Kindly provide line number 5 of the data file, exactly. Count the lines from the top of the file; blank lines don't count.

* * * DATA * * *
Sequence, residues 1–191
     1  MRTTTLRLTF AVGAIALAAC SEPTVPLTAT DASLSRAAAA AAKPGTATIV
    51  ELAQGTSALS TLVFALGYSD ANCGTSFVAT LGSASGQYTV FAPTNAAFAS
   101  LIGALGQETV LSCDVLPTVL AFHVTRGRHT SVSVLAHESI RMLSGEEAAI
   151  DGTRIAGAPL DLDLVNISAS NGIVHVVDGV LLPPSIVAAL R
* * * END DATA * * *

   151  DGTRIAGAPL DLDLVNISAS NGIVHVVDGV LLPPSIVAAL R